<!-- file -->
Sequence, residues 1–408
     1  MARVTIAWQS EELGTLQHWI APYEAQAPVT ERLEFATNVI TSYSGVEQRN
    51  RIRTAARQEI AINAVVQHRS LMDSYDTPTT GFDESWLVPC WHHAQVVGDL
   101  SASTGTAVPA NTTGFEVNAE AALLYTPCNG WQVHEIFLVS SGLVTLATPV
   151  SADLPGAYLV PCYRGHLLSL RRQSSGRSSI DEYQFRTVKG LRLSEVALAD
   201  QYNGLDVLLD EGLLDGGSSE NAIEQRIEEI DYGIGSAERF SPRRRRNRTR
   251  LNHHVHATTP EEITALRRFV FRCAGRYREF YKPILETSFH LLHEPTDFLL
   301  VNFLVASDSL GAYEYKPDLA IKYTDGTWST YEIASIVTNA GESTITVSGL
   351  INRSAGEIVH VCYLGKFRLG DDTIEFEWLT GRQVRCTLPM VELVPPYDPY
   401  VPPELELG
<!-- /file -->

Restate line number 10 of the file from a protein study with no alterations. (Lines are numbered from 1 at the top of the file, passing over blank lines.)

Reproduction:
   401  VPPELELG